Last week I was on holiday in Bretagne (Brittany), France. There was not a lot of opportunity for snorkelling or rock pooling activities, but the last day I checked out the pontoons of the large marina in Trinité-sur-Mer. I was not disappointed; the pontoons in Cornwall are full of life, but these ones 200 or so kilometers further south were exceptionally diverse. The most striking find was that of orange, red and purple Rosy feather stars Antedon bifida. These also occur in the UK but I had not seen these yet here so I was quite excited. I did not go into the water myself and the photos I took holding my camera under ended up being not great so I took some shots from above water as well, too bad I did not have more time!The first photo below gives a good impression of how abundant and diverse life attached to these pontoons is. Many species are the same as the ones I see in Mylor marina, including invasive species such as the Bryozoan Bugula neritina and the tunicate Styela clavata. In addition to the many sponges, anemones, mussels, oysters and colonial tunicates I even saw things such as scallops (not sure which species) and urchins (Psammechinus). The peacock worms were absolutely huge. The plumose anemones Metridium senile looked different to the ones I am used to here to with orange individuals having brown collars which sometimes were really big and wavy. It seems no one that moors their boat in a marina ever takes notice of what is attached to the pontoons, but they should, as the diversity and beauty can almost rival coral reefs. I hope I can go back one time to properly investigate but for now I will check out the local marina’s and keep an eye out for feather stars…
Blogging slowed down a bit recently due to (variously or simultaniously) bad weather, work, bugs or unavailability of dive buddies. I entered one of the better photos I made this year (from this post) in the BBC Wildlife Magazine competition for fun and managed to get it published in the May issue, which was nice. I think I only went out once, which was a pontoon excursion in Mylor marina, the first time with the Canon G16. I tried some shots from above lying on the pontoon; I need to actually get in the water to get a better view of all the sponges, tunicates, peacock worms, mussels, oysters, anemones and seaweeds encrusting it. This shot of the Light bulb sea squirt Clavelina lepadiformis turned out best, but I believe there is a lot of room for improvement. I have bought a light which I will bring next time. I also ordered a strobe, so hopefully some proper dive photos very soon!
When going out rock pooling, I always take my iPhone and Canon Powershot (for underwater use) and take at least a couple of photos. Because of a lack of time, or because a single good photo is not enough for a new post, not everything ends up on the blog. Now I have some free time, I picked a couple of unused photos made this year that seem blog-worthy. First up, In realized only what I had found on the beach at St. Ives when leafing through the The Essential Guide to Beachcombing and the Strandline: a Seabeard! This hydroid, Nemertesia antennina, grows as stiff colonies protruding from a matted base and occasionally washes up on shore. It looks a bit plant-like; at the time I did not have the opportunity to have a closer look and just snapped a quick photo. Next a Lesser sandeel Ammodytes tobianus found at Gylly beach. I always see them when snorkeling or diving (see here) but this was a good opportunity to see one up close (I get excited when I spot a dead fish on the beach (see also here) and I am not afraid to admit it!). Following are two colour varieties of the Spiny starfish Marthasterias glacialis, a Common brittlestar Ophiothrix fragilis and a shot of an Aequorea forskalea (or maybe A. vitrina) jellyfish. Next the gastropod mollusc Chinaman’s hat Calyptraea chinensis. I went back to Mylor marina for some pontooning recently but not much was growing; the only thing that stood out was the luxuriant sponge growth (I am not sure of the species, perhaps Halichondria).And of course some seaweed pictures. By iPhone: Under tongue weed Hypoglossum hypoglossoides in Flushing, Black scour weed Ahnfeltia plicata in St. Agnes and a photo showing a variety of wracks all colonizing the same patch (Flushing): Serrated wrack Fucus serratus, Spiraled wrack Fucus spiralis, Bladderwrack Fucus vesiculosis and Egg wrack Ascophylum nodosum. Next some Canon Powershot underwater pics (see also this post and this one): a random rock pool picture of mostly decaying seaweed, a closeup of my favourite the Bushy rainbow wrack Cystoseira tamariscifolia and a shot of Wireweed Sargassum muticum that has completely taken over a pool. Finally an SLR photo of a rock pool at Gylly beach with large Cystoseira baccata plants (middle, Wireweed on the left).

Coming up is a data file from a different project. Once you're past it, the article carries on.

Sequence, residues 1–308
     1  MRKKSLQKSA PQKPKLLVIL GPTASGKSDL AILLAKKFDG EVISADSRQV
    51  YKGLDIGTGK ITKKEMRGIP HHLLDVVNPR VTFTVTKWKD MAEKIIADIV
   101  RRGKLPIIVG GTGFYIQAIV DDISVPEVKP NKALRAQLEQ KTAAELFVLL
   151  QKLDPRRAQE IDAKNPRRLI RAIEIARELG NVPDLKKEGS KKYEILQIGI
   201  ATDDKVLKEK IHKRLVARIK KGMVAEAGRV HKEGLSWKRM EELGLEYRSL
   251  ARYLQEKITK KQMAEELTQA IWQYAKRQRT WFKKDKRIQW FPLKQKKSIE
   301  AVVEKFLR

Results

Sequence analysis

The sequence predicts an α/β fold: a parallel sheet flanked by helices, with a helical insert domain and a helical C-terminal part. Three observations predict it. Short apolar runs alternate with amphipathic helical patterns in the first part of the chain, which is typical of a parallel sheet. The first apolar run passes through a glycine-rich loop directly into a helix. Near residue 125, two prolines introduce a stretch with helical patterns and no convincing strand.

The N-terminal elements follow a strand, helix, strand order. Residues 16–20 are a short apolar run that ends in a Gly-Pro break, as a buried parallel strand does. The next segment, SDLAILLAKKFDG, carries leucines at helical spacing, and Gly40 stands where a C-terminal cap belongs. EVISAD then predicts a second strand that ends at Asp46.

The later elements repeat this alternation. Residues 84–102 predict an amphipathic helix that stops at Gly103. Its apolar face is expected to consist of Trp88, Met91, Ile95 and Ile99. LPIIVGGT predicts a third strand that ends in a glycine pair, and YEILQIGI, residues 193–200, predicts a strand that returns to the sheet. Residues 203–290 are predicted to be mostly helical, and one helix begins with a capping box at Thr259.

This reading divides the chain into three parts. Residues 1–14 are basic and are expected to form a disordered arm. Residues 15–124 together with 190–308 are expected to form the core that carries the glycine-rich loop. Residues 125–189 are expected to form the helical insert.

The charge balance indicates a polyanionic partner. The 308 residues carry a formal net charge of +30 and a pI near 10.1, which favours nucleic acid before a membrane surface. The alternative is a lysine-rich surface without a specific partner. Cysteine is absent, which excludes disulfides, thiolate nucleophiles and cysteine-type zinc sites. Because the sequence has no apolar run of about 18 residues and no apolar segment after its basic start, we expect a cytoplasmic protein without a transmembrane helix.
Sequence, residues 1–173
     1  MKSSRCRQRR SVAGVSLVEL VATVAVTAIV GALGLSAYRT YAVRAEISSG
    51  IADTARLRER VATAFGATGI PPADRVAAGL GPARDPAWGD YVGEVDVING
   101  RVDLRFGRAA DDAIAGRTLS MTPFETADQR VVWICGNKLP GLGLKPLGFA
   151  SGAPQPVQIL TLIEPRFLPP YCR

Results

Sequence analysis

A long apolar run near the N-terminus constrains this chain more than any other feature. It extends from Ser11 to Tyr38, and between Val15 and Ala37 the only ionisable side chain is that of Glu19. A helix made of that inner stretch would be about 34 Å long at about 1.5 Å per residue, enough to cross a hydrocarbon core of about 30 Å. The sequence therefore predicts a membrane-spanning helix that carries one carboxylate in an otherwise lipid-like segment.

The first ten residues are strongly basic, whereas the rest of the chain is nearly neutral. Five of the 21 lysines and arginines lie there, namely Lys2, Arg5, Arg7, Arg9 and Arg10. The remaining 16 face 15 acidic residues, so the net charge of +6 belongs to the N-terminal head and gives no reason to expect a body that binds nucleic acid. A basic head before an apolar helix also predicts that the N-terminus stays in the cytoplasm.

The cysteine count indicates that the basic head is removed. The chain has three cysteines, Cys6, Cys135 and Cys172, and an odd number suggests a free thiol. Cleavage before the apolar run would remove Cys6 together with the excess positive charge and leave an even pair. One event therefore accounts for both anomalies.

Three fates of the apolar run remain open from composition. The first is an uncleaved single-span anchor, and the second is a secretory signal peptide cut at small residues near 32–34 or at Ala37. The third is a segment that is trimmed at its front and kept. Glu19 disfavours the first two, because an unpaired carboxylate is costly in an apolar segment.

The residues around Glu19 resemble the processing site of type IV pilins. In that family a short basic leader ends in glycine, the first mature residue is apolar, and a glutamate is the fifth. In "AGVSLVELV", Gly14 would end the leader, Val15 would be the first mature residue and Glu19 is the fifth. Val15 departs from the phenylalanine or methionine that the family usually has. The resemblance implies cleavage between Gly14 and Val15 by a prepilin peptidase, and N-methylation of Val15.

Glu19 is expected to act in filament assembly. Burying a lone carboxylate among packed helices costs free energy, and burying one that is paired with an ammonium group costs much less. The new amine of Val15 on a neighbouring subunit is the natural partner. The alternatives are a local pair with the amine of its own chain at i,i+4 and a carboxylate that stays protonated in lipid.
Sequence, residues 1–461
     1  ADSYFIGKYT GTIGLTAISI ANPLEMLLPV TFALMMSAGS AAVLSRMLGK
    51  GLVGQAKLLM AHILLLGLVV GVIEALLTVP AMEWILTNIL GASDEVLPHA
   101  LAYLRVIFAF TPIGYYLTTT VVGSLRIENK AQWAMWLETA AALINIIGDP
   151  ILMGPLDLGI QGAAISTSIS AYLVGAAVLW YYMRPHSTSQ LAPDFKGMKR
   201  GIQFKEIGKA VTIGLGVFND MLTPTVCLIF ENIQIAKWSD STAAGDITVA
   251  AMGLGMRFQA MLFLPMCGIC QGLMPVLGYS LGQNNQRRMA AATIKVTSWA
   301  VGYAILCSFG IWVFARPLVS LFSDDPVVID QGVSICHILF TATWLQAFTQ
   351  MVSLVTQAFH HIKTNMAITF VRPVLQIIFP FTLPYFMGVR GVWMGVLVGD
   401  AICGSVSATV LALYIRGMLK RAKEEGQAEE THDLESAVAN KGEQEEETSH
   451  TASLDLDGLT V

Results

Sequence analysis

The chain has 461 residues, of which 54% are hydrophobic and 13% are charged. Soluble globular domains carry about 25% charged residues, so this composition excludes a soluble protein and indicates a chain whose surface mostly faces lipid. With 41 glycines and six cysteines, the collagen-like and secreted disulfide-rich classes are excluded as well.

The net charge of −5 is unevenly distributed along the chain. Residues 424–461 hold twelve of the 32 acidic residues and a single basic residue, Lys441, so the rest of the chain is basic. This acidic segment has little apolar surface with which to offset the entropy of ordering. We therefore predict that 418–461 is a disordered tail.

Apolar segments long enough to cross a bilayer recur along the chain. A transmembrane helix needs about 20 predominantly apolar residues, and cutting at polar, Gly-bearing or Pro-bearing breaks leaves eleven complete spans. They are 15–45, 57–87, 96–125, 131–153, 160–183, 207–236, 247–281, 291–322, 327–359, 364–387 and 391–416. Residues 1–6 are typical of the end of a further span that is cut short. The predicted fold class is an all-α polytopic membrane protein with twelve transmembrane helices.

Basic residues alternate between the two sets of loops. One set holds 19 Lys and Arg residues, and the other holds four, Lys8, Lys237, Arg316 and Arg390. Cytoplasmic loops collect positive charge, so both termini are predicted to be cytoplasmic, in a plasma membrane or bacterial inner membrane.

This Saturday I was at the marina in Newlyn, where local natural history expert David Fenwick was kindly showing me how he obtains the samples he finds so many creatures in (worms, copepods, tunicates, forams and many other things). Todays focus was on nudibranchs, arguably the most beautiful group of little critters. David has recorded an amazing 46 nudibranch species from these pontoons alone! As this is the most Southwesterly pontoon in the country, it is a bit of a ‘sentinel site’ for southern species with northward-shifting ranges. Indeed David has found a species new to the UK that has also been discovered in the south of Spain and possibly off the coast of Morocco. He often sends samples away to (inter)national labs for sequencing and further investigation and frequently shares his finds on facebook (see the links page for relevant facebook groups). For all things marine in Cornwall see his website: Aphotomarine, an edicational resource dedicated mainly to the photography and diversity of marine life that is found in the coastal waters and rockpools of south-west England. Also check out his Aphotofungi, Aphotoflora, Aphotofauna and Stauromedusae.uk. Luckily for me, I can show off some of David’s images in this post too.